12 July 2007

Hummus Dilettante


In general, I am fairly open to different interpretations of dishes, I am not one of those pedants who will tell you couscous must absolutely be made in a special clay pot, or pasta has to be made with just that flour. However, having lived in the Middle East, there are some offenses committed against Middle Eastern/Arab foods that really get under my skin. To name two basic staples: hummus and tabboule. My irritation stems less from the misappropriation of these dishes, but rather that these dishes are so good when properly made that people have no idea what they are missing.

Let's start with that ubiquitous staple: hummus, or it's full name hummus bi tahine. But first let me reveal something: few people living in Middle Eastern cities make their own hummus. They buy it, from hummus vendors, often called hamsani. Just like the French purchase their croissants and Italians buy much of their pasta, Levantine cities have hummus shops on every corner. These shops sell freshly cooked chickpeas, hummus, and dried fava beans called foul. There's usually a few little tables or a counter to eat a bowl of hummus and a takeout counter where hummus is sold by weight in plastic bags. Now, let's get to some of the qualities of good hummus:


One of the important attributes of hummus is that it is a smooth consistency, which is where many attempts at hummus fail. The traditional tool for this is a food mill, but a food processor or blender can work equally well. Another key to the smoothness of your hummus is the chickpeas themselves: the chickpeas should be cooked so that they are meltingly soft and the outer skins have fallen away. In fact,, I really find that the best, smoothest hummus comes when you peel the chickpeas. And yes, this sounds crazy, but it really doesn't take much time (you just sort of pinch them and they pop off) and it makes a vast improvement in the texture of your hummus.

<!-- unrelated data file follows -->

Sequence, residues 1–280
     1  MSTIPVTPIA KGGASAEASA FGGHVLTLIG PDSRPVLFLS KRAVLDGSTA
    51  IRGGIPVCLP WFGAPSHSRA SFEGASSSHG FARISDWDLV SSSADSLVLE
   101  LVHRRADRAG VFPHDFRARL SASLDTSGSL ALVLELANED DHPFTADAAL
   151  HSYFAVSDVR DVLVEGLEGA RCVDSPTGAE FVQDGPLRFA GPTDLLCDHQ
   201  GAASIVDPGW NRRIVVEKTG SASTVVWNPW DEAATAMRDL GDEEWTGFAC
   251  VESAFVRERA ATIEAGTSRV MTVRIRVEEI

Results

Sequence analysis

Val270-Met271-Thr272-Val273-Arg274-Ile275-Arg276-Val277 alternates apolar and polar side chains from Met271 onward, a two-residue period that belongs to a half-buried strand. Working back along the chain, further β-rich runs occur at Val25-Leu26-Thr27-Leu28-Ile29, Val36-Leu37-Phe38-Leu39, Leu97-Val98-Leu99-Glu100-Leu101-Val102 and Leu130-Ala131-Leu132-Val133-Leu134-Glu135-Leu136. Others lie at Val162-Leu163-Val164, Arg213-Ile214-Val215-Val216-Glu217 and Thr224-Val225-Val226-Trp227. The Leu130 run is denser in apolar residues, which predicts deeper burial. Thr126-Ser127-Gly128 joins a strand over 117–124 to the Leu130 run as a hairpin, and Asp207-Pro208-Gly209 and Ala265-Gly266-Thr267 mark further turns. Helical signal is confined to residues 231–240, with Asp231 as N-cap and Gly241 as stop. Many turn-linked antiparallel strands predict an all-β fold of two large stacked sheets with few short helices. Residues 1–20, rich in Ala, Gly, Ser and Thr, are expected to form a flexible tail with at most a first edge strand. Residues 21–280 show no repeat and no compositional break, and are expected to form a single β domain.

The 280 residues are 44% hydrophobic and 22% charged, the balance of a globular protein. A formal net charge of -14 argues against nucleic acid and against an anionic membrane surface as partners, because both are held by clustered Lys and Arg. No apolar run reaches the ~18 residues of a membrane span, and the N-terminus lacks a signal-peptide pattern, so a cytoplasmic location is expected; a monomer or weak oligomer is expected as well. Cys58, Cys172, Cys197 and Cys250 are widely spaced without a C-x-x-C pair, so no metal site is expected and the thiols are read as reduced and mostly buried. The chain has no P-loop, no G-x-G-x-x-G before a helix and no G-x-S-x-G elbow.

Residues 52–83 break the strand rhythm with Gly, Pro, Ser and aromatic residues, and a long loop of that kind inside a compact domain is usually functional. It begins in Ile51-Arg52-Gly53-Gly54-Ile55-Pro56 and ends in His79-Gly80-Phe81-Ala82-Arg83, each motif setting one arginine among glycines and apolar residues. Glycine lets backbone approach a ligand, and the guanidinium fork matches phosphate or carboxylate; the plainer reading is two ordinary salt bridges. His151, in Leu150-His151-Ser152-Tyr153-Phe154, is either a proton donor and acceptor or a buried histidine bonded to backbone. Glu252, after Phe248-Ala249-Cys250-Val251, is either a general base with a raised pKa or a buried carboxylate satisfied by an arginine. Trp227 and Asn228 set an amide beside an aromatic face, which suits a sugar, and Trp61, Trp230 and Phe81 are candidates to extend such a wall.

Secondly, the word hummus means 'chickpea.' You are free to mix many things into your hummus, but the base ingredient should remain chickpeas. Not white beans, not red peppers, not olives nor beets. It's totally fine if you use these things, but please use a name other than hummus. There are lots of good variations on hummus that I've listed below.

I've always said one of the keys to Arab cooking is the copious use of lemon juice in everything, and that holds true for hummus. Fresh lemon juice is best. Also, garlic and spices shouldn’t overwhelm, but this can vary on personal taste.

Finally, there is the issue of presentation. This also ties in to the above issue of consistency- your hummus should not be chunky or thick enough to make a mound (see: yes, yes, and no, no). You don't have to be perfect here, but choose a wide flat bowl or plate to serve your hummus. A drizzle of olive oil in the center is traditional, and you can also decorate with spices or chopped herbs.